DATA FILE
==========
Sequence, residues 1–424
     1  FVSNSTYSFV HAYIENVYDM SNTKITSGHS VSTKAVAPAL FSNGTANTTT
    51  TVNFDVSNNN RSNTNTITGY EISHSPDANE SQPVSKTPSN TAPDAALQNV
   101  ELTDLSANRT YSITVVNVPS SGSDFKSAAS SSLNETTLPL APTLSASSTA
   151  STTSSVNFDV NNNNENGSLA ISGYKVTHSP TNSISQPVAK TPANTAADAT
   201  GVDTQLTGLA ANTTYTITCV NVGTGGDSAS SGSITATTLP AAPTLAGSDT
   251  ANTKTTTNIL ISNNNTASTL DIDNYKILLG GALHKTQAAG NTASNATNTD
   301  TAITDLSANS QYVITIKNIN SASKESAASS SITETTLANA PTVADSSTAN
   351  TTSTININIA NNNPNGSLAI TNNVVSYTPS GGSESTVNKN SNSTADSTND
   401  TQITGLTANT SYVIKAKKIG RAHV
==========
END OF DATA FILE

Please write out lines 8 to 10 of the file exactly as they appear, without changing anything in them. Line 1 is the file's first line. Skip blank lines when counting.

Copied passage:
   301  TAITDLSANS QYVITIKNIN SASKESAASS SITETTLANA PTVADSSTAN
   351  TTSTININIA NNNPNGSLAI TNNVVSYTPS GGSESTVNKN SNSTADSTND
   401  TQITGLTANT SYVIKAKKIG RAHV